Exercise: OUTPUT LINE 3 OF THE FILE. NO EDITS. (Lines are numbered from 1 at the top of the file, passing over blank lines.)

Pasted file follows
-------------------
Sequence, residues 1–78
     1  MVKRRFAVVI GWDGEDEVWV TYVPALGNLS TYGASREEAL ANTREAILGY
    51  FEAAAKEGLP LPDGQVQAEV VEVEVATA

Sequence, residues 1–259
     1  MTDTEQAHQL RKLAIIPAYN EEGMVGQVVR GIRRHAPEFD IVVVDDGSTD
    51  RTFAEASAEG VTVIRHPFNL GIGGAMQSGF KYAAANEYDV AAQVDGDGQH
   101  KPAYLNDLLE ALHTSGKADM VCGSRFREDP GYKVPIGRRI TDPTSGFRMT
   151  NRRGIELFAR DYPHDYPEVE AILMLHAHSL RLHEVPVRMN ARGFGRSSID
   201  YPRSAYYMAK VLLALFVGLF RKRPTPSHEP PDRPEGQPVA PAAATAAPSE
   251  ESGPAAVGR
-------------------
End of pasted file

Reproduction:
    51  FEAAAKEGLP LPDGQVQAEV VEVEVATA